It had already been a hectic January day. It was early in the month of the brand new semester – that time of year when every superintendent, principal and teacher bargains with a higher power for all to go well, then slips on the comfortable shoes, grabs the walkie-talkie, and prepares – not for the worst – but for anything.
Anything. Like feral cats.
In the world of public school leaders, feral cats represent one of the more minor issues that can throw a perfectly fine day into full-tilt mayhem. Educators know this.
So, on that day, when former principal and current Grand Prairie ISD superintendent Susan Simpson Hull received an email from a neighborhood citizen about feral cats under the school building, she didn’t think twice. Let’s go get those cats, she thought. Let’s keep the kids safe.
“I responded to the email, you know, ‘Thanks for alerting me to the problem; the safety of our children is most important,’” Hull says. “But she [the citizen] wrote back saying the cats are not being taken care of; that they live under the school building; that someone has put a metal plate over the vent. She accused the principal of poisoning the cats and said she was going to contact all the animals rights groups. She even said she was going to report me for animal cruelty! At first, I thought she was saying we had a cat problem, but she was saying I wasn’t taking care of the feral cats!”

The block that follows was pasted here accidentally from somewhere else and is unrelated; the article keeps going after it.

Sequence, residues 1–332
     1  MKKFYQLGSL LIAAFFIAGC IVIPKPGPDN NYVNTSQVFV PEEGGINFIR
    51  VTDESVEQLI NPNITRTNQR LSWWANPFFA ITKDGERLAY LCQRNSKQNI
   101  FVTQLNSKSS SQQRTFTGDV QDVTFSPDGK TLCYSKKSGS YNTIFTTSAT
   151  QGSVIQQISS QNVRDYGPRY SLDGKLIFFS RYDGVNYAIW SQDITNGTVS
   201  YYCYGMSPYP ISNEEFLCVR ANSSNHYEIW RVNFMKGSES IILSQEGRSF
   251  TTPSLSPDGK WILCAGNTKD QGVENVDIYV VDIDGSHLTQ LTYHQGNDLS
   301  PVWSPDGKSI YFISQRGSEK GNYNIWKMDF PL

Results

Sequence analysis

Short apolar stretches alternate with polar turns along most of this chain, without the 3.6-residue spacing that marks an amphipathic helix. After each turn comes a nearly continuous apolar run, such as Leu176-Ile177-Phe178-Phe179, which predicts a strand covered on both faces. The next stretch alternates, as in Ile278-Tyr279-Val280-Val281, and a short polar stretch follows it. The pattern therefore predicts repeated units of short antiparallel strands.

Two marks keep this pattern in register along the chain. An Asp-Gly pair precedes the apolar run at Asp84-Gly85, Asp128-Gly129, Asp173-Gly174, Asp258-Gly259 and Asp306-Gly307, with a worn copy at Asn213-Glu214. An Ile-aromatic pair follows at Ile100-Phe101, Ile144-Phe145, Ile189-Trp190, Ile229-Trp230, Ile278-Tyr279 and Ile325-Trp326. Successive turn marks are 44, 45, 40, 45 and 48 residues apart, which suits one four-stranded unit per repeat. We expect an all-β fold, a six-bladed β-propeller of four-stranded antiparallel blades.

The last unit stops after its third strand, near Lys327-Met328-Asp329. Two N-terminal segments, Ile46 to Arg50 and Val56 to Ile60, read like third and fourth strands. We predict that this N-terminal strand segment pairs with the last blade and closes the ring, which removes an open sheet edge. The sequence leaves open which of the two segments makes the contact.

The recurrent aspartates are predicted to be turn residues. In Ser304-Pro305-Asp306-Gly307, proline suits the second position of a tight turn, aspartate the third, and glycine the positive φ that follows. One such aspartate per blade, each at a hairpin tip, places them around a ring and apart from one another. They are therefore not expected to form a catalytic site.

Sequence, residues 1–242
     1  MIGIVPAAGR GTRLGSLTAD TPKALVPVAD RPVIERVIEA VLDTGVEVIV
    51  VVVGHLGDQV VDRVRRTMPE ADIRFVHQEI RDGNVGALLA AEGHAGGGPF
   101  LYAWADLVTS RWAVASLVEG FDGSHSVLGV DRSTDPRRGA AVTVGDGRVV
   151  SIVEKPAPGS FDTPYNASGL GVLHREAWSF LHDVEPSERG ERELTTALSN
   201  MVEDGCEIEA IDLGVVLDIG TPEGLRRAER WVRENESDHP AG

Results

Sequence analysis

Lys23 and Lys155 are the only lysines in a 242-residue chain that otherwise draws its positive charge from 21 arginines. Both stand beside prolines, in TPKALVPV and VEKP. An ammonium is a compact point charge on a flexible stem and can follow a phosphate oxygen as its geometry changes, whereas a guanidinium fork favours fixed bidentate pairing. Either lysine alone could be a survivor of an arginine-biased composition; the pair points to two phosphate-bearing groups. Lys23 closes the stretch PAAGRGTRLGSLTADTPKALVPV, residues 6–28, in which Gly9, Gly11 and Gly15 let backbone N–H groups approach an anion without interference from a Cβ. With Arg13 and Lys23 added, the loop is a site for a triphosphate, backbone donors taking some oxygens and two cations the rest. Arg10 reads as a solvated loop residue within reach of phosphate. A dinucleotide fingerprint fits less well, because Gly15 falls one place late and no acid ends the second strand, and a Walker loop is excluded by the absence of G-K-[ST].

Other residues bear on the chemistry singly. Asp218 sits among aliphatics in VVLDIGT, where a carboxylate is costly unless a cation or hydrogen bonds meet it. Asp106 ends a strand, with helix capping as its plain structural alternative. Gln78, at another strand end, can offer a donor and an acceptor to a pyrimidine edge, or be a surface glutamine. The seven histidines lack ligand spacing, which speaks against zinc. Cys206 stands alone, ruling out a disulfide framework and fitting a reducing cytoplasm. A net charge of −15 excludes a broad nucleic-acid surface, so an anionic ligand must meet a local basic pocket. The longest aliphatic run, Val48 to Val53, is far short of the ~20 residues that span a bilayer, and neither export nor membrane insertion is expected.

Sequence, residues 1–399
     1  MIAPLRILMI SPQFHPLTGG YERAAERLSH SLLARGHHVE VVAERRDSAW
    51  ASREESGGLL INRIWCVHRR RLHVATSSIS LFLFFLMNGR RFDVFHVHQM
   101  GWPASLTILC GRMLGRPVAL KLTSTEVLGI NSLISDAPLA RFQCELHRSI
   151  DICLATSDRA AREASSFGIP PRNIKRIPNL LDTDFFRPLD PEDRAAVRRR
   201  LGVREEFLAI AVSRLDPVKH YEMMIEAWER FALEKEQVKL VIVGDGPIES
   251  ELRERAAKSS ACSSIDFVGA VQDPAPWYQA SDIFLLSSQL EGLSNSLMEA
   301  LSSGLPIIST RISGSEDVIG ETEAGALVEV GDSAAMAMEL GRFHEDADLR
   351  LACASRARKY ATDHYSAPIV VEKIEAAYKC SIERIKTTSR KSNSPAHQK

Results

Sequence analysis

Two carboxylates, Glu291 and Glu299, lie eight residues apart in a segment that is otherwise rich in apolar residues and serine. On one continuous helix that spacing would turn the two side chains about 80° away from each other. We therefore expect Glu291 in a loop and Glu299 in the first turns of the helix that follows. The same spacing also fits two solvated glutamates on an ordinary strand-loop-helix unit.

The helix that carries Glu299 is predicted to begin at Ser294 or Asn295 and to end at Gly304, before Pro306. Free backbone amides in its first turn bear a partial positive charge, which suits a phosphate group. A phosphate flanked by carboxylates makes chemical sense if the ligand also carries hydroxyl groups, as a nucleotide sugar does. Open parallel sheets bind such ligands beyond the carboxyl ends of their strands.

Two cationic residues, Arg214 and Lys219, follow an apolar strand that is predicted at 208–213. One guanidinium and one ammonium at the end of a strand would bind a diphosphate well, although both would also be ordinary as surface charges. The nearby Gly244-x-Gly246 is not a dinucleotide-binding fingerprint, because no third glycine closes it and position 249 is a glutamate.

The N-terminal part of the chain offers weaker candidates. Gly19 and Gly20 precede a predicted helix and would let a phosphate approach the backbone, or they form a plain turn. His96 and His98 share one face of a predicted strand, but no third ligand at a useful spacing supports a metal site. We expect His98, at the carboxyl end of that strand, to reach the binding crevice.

The situation was handled, but Hull says it’s just one of a million stories she could tell about school leaders taking on all sorts of roles.
“Like, a few years ago, we said no more ‘heat and serve’ food,” Hull says. “Just fresh veggies, salad bars and fruits, and our food would be cooked and prepared in the cafeterias instead of pre-packaged. One parent – a healthcare worker – was furious, and said we had served chicken on the salad bar with the raw salads and vegetables. I was very concerned about that. We discovered with a little investigation it wasn’t chicken at all, it was ham!”
Feral cats and raw chicken fears. There’s that. Then, there are budget shortfalls, personnel problems, academic underachievement and disciplinary issues. Despite the nature of the complication, experts say time and time again our school leaders bring to the fore a kind of courage that is seldom fully appreciated.